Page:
The American Cancer Society recommends that all women age 45 and older get an annual mammogram to screen for breast cancer. Prior to that, women who notice any changes in the look and feel of their breasts should undergo a mammogram as well. Mammography utilizes X-rays to identify anatomical changes in breast tissue that occur as a result of tumor growth. It is by far the most well-known screening method for breast cancer, but it’s not the only one.
Another technique called thermography screens for breast cancer by detecting physiological changes in breast tissue, rather than anatomical ones. Specifically, thermography detects changes in heat and blood flow that are indicative of tumor growth. Once a tumor reaches a certain size, it must start generating its own blood supply in a process called angiogenesis. This, in turn, generates heat, which is detectable with thermography.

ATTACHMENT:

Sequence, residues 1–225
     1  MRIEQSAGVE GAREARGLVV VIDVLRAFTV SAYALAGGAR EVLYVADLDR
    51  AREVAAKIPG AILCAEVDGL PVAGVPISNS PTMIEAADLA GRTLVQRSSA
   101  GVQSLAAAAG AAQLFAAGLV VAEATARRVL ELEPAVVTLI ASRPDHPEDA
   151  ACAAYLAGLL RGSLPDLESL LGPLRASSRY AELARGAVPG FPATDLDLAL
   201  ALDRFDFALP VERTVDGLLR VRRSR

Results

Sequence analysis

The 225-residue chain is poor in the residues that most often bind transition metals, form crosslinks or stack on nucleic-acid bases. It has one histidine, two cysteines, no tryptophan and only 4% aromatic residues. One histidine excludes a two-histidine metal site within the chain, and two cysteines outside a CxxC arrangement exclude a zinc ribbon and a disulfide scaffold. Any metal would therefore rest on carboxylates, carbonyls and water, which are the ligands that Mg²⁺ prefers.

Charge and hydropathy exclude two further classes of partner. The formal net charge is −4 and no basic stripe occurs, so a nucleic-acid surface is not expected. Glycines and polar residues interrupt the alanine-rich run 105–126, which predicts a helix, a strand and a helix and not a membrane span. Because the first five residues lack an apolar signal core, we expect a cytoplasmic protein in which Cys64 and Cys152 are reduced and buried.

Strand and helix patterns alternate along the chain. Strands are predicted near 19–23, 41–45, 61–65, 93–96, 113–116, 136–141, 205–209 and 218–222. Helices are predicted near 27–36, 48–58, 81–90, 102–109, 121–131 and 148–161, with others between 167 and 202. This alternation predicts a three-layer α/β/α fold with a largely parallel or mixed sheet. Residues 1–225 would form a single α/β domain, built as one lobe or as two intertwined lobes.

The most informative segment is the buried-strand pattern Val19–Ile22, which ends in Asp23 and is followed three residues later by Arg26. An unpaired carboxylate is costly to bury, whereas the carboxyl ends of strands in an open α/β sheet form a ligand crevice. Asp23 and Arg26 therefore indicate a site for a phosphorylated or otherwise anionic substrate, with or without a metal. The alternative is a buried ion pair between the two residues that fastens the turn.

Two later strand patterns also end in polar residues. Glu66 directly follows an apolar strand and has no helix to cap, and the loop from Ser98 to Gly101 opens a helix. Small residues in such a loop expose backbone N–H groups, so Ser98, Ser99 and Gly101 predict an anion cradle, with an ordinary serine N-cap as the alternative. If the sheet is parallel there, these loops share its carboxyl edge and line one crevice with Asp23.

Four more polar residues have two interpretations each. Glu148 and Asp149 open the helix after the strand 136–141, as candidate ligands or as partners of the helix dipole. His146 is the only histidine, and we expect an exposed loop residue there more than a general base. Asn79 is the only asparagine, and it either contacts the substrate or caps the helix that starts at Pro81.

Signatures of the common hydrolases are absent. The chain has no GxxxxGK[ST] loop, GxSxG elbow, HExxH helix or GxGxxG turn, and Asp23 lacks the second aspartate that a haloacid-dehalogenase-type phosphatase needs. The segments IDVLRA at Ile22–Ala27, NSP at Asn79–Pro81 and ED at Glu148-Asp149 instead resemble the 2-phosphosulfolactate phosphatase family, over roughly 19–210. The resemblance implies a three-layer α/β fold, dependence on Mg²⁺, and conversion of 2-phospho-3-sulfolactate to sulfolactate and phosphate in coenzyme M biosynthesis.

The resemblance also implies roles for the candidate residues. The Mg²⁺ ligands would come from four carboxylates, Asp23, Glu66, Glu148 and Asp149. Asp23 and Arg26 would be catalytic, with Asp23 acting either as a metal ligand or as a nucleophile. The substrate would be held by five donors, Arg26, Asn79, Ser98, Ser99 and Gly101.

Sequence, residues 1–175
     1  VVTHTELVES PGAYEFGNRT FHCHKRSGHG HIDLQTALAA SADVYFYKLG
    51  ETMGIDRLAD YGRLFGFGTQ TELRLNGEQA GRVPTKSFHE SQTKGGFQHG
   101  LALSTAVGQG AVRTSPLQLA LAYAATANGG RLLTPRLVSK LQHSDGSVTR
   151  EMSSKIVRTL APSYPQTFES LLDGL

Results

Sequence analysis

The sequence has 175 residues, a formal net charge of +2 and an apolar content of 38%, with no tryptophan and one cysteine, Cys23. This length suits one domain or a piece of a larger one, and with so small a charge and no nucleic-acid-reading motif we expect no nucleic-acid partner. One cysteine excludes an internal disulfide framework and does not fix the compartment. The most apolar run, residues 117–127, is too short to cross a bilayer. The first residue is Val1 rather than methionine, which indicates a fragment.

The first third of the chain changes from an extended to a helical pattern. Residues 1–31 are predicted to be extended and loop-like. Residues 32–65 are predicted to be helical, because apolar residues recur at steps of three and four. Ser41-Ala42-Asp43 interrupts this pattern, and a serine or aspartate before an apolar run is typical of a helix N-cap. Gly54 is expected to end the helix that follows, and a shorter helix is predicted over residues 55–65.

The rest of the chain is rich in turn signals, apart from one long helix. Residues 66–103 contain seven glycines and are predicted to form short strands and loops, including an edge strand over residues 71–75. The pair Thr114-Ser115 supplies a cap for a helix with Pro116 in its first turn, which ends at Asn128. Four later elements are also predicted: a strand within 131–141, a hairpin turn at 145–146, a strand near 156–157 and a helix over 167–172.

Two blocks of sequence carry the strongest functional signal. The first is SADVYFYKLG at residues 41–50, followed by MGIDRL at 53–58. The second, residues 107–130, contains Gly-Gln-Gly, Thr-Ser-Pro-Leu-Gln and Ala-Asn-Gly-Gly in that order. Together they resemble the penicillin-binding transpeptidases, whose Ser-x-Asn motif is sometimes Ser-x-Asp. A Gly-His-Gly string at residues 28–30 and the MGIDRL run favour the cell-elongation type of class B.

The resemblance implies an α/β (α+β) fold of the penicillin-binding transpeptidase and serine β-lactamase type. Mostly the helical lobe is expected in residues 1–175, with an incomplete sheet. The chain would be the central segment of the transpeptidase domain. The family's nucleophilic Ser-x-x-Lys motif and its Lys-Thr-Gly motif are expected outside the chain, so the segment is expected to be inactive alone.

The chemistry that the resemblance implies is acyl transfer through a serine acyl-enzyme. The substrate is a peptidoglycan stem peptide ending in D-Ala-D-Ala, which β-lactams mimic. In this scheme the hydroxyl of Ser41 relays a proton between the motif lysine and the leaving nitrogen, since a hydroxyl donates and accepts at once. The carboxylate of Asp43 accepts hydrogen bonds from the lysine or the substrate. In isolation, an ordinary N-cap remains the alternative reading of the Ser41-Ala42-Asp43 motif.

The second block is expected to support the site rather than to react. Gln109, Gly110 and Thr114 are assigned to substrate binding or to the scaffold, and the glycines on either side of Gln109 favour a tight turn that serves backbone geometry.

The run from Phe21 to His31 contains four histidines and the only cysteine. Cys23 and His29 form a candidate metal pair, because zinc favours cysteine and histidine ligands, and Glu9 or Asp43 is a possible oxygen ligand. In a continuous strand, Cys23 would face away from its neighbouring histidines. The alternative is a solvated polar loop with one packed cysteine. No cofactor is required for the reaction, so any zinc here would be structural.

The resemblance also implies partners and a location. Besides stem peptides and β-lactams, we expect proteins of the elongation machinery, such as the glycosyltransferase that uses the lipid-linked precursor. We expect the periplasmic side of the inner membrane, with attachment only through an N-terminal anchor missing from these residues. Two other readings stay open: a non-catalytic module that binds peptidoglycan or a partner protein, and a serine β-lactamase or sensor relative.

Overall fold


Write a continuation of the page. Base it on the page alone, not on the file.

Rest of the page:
Whereas a mammogram can only detect a tumor once it has been growing for several years, thermography can sometimes detect abnormal cell activity much earlier. If a tumor is detected early on with thermography, it can often be treated without invasive surgery. Both screening techniques can also be used in conjunction with one another to confirm the presence of a tumor.
Bear in mind that neither of these techniques can diagnose cancer. Mammography and thermography can identify signs of breast cancer, but only a biopsy can offer a definitive diagnosis.
Interested in learning more about breast cancer screening options? Give us a call to speak with the healthcare professionals at South Avenue Women’s Services today.